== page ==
THE USS NEVADA PATTEN BROTHERS
As the nation approaches the 65th anniversary of the Japanese attack on Pearl Harbor on December 7th, my cousin, Clarence Floyd Patten, III (Col., U.S.M.C., retired) and I submit the following article for publication. If you want to publish this article, I would provide you with the photo below as a JPEG file at 300 DPI. I may be contacted at Patten124@aol.com or 317-508-7761.
Thank you for your consideration.
December 7th, 1941 Was a Day of Infamy for Six Patten Brothers. As the nation approaches the 65th anniversary of the Japanese attack on Pearl Harbor on December 7th, veterans should be proud to know that six Patten brothers were there that fateful day on the battleship USS Nevada.
The Patten brothers from rural Iowa began joining the Navy in 1934. During peacetime, they were allowed to serve on the same ship. By January 1941, seven brothers, Gilbert, Marvin, Bick, Allen, Ted, Ray and Bruce, were serving in the engine room of the Nevada. In September, their father, Floyd, joined the Navy and the Pattens were recognized as the Navy’s largest family. In October, Ted’s enlistment was up and he returned to civilian life working in Long Beach, California.
On the weekend of December 7th, the Nevada was coming into port, but was directed to wait until the aircraft carrier Lexington cleared the entrance to Pearl Harbor as she left port. When the Nevada reached its docking place on Battleship Row, the Arizona was moored where the Nevada normally docked. For that weekend and eternity, they traded places.
The disaster that caused the death of 1,177 sailors and Marines on the Arizona has deservedly been well documented. The story of the six Patten brothers on that day also merits remembrance.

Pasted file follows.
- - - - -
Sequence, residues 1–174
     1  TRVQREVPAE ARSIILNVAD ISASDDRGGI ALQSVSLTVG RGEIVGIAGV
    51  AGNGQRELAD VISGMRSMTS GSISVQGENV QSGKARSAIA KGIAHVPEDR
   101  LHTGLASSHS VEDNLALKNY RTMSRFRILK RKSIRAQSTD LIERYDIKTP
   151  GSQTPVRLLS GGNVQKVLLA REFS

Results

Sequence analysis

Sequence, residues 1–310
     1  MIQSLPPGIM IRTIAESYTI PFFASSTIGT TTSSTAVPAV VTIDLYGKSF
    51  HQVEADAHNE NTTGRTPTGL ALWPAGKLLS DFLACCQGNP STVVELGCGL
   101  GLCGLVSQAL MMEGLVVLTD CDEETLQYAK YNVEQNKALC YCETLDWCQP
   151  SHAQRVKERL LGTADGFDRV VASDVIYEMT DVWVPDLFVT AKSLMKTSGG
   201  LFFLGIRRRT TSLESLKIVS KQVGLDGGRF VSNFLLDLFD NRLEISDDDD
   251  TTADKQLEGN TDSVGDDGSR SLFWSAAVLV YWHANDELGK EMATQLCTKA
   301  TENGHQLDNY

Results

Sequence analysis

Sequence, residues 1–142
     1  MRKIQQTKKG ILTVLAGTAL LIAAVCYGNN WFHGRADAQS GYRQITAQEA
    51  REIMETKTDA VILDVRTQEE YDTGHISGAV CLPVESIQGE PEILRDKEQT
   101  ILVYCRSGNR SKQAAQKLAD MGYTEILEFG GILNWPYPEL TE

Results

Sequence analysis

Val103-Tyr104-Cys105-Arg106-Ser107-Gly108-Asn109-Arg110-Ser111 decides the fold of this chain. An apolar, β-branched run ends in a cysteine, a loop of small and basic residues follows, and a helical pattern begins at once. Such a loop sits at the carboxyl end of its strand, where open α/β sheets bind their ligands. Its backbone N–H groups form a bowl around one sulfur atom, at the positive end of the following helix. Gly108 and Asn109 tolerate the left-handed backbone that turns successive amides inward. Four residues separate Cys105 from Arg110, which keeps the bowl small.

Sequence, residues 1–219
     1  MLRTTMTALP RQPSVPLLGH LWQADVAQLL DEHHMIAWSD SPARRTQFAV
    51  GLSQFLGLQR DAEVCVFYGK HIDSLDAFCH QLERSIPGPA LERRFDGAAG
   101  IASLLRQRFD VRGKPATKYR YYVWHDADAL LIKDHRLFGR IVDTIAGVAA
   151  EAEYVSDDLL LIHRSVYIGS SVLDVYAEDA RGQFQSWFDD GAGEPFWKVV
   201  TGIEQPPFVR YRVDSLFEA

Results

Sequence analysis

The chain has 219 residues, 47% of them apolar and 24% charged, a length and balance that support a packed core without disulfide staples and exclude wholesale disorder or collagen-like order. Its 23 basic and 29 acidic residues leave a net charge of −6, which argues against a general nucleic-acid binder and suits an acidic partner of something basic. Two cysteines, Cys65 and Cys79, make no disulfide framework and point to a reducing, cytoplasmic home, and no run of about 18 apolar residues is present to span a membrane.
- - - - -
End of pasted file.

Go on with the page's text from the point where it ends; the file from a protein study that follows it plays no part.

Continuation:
Gilbert was standing in line to purchase toiletries from the ship’s store waiting for it to open at 08:00. He counted the sailors ahead of him and decided to come back later. He was never known to have a great deal of patience! Allen had finished night duty and was eating breakfast. Marvin was in a skiff going ashore for duty. Bick, Ray and Bruce were below deck.
Allen’s recollection of that morning was later published in their hometown newspaper, the Lake City Graphic. “I got up and showered about 7 a.m. and at about 7:45 a.m. I sat down to breakfast. I remember it was a ‘dog’ sandwich and beans. Then some of the other B Division sailors and I sat around drinking tea and coffee and discussing the Rose Bowl and who would win the football game Duke or Oregon. Then something strange started happening and we couldn’t figure out what was going on. It was just past 8 a.m., we were three decks down and the Nevada started shaking like a three or four scale earthquake. The porthole was open and I heard a rat-a-tat-tat sound like a machine gun. We were all very confused; it had been such a nice serene morning. We thought it odd that someone might be practicing with their guns. Then the B Division mess cook, Henry, he was just a kid, 18 years old yelled down to us. ‘Hey, you guys, we’re being attacked.’”
Years later, Bruce recalled the beginning of the eventful day to a Battle Ground, Washington newspaper, the Reflector. He was a Boiler Tender; three decks down on the Nevada, when general quarters sounded before 8 a.m. “All hands man your battle stations!” ordered a voice on a loudspeaker. “On the way to my battle station, I found one of my brothers arguing with a Chief Petty Officer,” said Patten. His brother was insisting to the Chief that Japanese planes were overhead. The Chief was yelling that he was tired of all the rumors about an attack. “Then the first bomb hit and ended the argument,” Bruce said.
The first wave of Japanese planes attacked at 0753. They bombed and torpedoed the Arizona anchored near the Nevada. A bomb struck near Marvin’s boat that was leaving for the shore. Bodies flew in every direction. A bomb exploded where Gilbert had been standing at the ship’s store. All those who were still in line were killed.
At the stern of Battleship Row, the Nevada’s gun crews were marginally faster than other ships in getting into action and had beaten off all but one of the low-flying Japanese Kate torpedo bombers. Nonetheless, the last Kate sent a single torpedo into her bow opening up a 40- by 30-foot gash.
With a large hole blown in the Nevada’s side, Lieutenant Ruff, the officer in charge, ordered the Nevada to prepare to get underway. Due to its proximity to the Arizona, he feared the explosions and fires would spread to the Nevada.